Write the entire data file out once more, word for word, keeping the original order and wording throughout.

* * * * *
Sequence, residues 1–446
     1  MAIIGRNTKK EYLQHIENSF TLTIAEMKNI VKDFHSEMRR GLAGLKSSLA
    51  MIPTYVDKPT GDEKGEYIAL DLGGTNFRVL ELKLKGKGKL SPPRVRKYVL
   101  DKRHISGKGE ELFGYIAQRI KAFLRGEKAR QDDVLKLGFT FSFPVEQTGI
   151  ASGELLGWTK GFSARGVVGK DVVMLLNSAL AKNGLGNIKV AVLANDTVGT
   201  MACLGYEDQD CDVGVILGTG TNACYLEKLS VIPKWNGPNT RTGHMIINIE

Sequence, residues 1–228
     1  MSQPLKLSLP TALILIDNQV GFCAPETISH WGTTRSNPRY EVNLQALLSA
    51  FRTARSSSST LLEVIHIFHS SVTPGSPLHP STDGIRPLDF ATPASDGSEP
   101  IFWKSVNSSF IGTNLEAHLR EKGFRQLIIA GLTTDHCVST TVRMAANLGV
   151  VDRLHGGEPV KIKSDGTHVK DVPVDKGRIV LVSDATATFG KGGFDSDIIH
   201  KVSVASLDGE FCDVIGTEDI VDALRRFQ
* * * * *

Sequence, residues 1–446
     1  MAIIGRNTKK EYLQHIENSF TLTIAEMKNI VKDFHSEMRR GLAGLKSSLA
    51  MIPTYVDKPT GDEKGEYIAL DLGGTNFRVL ELKLKGKGKL SPPRVRKYVL
   101  DKRHISGKGE ELFGYIAQRI KAFLRGEKAR QDDVLKLGFT FSFPVEQTGI
   151  ASGELLGWTK GFSARGVVGK DVVMLLNSAL AKNGLGNIKV AVLANDTVGT
   201  MACLGYEDQD CDVGVILGTG TNACYLEKLS VIPKWNGPNT RTGHMIINIE

Sequence, residues 1–228
     1  MSQPLKLSLP TALILIDNQV GFCAPETISH WGTTRSNPRY EVNLQALLSA
    51  FRTARSSSST LLEVIHIFHS SVTPGSPLHP STDGIRPLDF ATPASDGSEP
   101  IFWKSVNSSF IGTNLEAHLR EKGFRQLIIA GLTTDHCVST TVRMAANLGV
   151  VDRLHGGEPV KIKSDGTHVK DVPVDKGRIV LVSDATATFG KGGFDSDIIH
   201  KVSVASLDGE FCDVIGTEDI VDALRRFQ